By Denise Gee
It had been planned months in advance, but when hundreds of city and county leaders gathered at SMU July 9 for the first Human Rights Dallas summit, the city was openly grieving the July 7 murders of five police officers in downtown Dallas after what had been a peaceful protest march. That march was in response to controversial police shootings of two African-American men in Louisiana and Minnesota – incidents that had produced anger, anxiety and grief.
In taking “unified steps forward,” Embrey Human Rights Program (EHRP) Director Rick Halperin emphasized his event’s goal would not be “to focus on your work, or my work, but our work – to ensure everyone is afforded human dignity, protection and advocacy of their inherent rights.”
What resonated most for Human Rights Dallas participant Toya Walker, a senior-level paralegal for SMU and the Sabre Corporation, “was getting to openly share thoughts on what a human rights culture could look like, and how we, as a diverse group, could make it a reality.”
During larger group discussions and smaller breakout sessions guided by innovative coaching from Journeyman Ink, attendees tackled issues and solutions related to concerns ranging from human trafficking crimes to racial, sexual and religious discrimination.
Leaders from business, law enforcement, education, faith, non-profit and other groups expressed overwhelming support “for an official referendum to establish human rights as a top-level concern for Dallas government leaders,” said EHRP Assistant Director Brad Klein. “We also would like to see a public forum for citizens to regularly address their concerns with people who actually can do something about them.”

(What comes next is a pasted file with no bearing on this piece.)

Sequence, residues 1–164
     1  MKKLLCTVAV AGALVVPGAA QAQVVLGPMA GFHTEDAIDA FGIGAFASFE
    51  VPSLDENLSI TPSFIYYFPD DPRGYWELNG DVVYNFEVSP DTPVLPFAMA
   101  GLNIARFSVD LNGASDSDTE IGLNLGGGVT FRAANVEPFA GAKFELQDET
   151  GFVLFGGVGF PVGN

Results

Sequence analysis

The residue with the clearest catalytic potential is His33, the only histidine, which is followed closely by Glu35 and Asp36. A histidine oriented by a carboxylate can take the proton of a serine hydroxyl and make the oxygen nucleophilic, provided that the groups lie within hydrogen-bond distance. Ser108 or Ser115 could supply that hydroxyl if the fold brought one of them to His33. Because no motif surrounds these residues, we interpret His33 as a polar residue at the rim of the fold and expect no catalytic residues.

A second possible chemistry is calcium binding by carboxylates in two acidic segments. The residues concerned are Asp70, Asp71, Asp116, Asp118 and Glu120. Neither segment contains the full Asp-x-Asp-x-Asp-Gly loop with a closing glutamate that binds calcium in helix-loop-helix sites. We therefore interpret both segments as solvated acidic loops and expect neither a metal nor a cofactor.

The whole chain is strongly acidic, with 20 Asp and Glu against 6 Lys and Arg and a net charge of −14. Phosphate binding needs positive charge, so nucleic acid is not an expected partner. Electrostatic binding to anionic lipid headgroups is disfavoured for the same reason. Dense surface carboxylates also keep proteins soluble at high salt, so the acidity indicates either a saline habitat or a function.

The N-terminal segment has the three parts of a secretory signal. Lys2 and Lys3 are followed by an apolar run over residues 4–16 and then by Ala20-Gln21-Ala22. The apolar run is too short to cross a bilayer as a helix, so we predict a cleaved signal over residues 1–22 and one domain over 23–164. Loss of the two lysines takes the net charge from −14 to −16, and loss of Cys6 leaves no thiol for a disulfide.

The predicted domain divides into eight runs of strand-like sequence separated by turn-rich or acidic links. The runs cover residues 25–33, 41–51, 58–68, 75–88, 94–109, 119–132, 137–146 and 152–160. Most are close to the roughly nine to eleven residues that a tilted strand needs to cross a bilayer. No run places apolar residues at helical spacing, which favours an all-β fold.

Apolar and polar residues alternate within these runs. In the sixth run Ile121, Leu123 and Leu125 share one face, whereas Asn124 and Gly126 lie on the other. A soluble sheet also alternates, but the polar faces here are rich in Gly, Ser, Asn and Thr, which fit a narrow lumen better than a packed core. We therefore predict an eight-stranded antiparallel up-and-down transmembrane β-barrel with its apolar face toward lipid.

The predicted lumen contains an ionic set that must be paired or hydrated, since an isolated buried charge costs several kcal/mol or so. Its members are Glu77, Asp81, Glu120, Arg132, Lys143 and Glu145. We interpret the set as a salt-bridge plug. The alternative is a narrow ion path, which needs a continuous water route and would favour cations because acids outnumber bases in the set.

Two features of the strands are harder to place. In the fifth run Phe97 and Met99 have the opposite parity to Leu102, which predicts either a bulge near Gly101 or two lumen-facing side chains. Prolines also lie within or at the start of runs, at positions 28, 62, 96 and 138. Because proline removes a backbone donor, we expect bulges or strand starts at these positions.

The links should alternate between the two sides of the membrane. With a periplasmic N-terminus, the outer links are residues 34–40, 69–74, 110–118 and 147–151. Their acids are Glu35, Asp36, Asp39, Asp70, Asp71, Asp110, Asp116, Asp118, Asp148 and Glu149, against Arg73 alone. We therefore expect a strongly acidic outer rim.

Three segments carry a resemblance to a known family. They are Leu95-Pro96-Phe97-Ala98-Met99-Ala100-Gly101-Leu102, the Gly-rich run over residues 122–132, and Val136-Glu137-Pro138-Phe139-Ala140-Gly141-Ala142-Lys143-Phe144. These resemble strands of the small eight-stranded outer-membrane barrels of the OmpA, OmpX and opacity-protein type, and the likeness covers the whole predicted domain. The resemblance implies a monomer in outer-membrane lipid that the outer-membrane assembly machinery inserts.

Summit participants vowed to continue the dialogue by staying connected via social media outlets and creating educational opportunities that could start with initiatives as small as a neighborhood gatherings for coffee and conversation.
The ultimate question, met with resounding applause, was posed by Tri-Cities NAACP Director Carmelita Pope-Freeman, who summarized the feelings of those at her table: “How can we replace fear with empathy?”
While the timing of the long-planned event came on the heels of tragic circumstances, Walker said, “I believe it awakened the soul of Dallas and America to know human rights matter.” Leaving the event motivated and inspired, she added, “I believe we have an opportunity to truly enable the change the world so desperately needs.”
Progress on Human Rights Dallas efforts will be shared via future EHRP communications and also at its “Triumph of the Spirit” Awards event November 16 at the Kessler Theater in Dallas. The celebration will commemorate the 10th anniversary of the program at SMU — only the seventh university in the nation to offer an undergraduate degree in human rights and also a master’s level degree in human rights and social justice.